Wednesday, July 1, 2015

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  • California’s Community College Students
    In this issue of California Counts, we examine the community college population in California. Why do students attend, and how do their goals differ in relation to their demographics? Which students achieve their objectives for attending community college? Who returns for a second year, who transfers to a four-year institution, and who obtains a degree or certificate? Answers to these questions provide a basic yet essential backdrop for understanding how community colleges serve California’s diverse population.
  • Can Community Colleges Protect Both Access and Standards?
  • ACT National Curriculum Survey, 2005-2006
    ACT surveys thousands of middle school/junior high school, secondary, and postsecondary1 teachers in English/writing, reading (including English language arts and social studies teachers), mathematics, and science for the purpose of determining what skills and knowledge are currently being taught that are considered important for success at each grade level for college readiness.
  • Improving College Readiness of Community College Students
    Most students who enter California Community Colleges (CCC) lack sufficient reading, writing, and mathematics skills to undertake college-level work. Thus, one of the CCC system’s core missions is to provide pre-collegiate “basic skills” instruction to these students. In this report, we find that a large percentage of students do not overcome their basic skills deficiencies during their time at CCC. We identify a number of state policies that we believe stand in the way of student success, and recommend several structural and system-wide changes designed to help increase preparedness and achievement among community college students.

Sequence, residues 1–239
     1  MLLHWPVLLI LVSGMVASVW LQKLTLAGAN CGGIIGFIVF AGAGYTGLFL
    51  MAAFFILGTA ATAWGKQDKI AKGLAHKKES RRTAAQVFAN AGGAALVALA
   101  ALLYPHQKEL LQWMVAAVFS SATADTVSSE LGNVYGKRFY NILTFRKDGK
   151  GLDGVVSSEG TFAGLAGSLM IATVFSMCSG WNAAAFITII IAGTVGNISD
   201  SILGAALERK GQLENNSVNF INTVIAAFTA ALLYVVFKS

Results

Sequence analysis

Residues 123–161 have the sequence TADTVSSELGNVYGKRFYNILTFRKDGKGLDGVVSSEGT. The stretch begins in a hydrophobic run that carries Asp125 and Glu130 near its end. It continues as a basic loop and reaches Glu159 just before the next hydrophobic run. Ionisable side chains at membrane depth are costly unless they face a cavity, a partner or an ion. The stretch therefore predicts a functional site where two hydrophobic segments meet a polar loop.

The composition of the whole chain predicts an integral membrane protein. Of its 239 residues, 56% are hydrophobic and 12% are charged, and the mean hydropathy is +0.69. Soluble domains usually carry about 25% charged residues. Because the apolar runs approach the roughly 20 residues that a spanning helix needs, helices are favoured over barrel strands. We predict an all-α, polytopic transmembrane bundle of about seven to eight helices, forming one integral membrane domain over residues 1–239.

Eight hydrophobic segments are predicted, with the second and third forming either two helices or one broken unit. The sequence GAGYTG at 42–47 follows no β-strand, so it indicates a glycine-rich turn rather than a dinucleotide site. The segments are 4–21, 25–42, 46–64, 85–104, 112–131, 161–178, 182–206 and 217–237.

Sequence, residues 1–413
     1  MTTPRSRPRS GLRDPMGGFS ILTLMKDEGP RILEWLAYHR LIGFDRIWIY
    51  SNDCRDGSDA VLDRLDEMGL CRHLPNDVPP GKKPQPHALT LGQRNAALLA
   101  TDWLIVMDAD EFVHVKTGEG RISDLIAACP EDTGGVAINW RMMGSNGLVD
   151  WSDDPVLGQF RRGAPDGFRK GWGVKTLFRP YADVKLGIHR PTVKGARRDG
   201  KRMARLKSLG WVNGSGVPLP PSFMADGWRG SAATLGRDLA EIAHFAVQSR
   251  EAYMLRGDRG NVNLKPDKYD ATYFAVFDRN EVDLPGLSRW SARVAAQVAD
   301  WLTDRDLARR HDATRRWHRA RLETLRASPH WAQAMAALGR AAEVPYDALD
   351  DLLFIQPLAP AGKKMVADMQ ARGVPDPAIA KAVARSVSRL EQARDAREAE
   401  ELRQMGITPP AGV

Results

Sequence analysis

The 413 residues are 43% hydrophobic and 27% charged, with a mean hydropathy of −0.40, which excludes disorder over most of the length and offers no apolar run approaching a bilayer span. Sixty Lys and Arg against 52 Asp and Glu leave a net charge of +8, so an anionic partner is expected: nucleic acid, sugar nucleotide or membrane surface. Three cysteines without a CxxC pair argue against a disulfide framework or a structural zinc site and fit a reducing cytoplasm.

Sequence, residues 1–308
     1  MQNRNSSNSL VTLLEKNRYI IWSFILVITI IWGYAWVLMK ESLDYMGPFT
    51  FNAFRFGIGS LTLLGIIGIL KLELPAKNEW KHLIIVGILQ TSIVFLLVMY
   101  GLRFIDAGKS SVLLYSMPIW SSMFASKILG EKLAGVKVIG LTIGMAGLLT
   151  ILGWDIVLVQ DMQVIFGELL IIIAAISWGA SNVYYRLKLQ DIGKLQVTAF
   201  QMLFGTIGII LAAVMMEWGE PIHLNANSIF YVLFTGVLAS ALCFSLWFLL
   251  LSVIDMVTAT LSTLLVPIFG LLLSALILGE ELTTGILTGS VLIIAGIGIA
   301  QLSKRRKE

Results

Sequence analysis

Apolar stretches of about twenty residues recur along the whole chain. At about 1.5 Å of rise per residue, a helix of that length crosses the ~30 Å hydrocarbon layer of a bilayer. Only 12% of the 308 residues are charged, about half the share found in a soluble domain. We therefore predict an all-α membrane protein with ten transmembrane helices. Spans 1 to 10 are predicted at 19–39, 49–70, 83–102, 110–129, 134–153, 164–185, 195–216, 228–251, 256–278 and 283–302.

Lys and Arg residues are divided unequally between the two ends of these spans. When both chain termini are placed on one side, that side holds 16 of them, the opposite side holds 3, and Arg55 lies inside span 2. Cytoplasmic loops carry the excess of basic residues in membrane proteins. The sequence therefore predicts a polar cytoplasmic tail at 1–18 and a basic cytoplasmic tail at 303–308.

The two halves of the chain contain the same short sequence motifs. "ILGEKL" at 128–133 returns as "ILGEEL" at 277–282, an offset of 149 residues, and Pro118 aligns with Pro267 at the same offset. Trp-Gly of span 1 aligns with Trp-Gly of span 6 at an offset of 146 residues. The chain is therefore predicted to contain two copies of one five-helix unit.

• Report on The System’s Current Programs in English as A Second Language (ESL) and Basic Skills, 12-19-07
  • The System Strategic Plan for the California Community Colleges
    This publication provides a comprehensive road map for improving student access and success. The Plan addresses the major demographic, economic and educational challenges that California will face over the coming decades. It presents clear system goals, specific strategies and implementation measures, as well as methods for assessing implementation and ensuring the Plan’s ongoing renewal. Developed through consultation with the College’s educational leaders and external partners.
  • Rethinking Remedial Education
    Across California, community college leaders are writing action plans for improving so-called “basic skills” (otherwise known as remedial or developmental) and English as a Second Language education as part of a system-wide initiative. Foundations have poured in funds to improve instruction and the scaffolding that supports it. And in the classrooms, often with foundation support, faculty are talking about developmental education in new ways, re-imagining what it is and how to do it, and experimenting with curricular innovations — with the goal of creating models for other instructors operating in solitude behind their classrooms’ closed doors.

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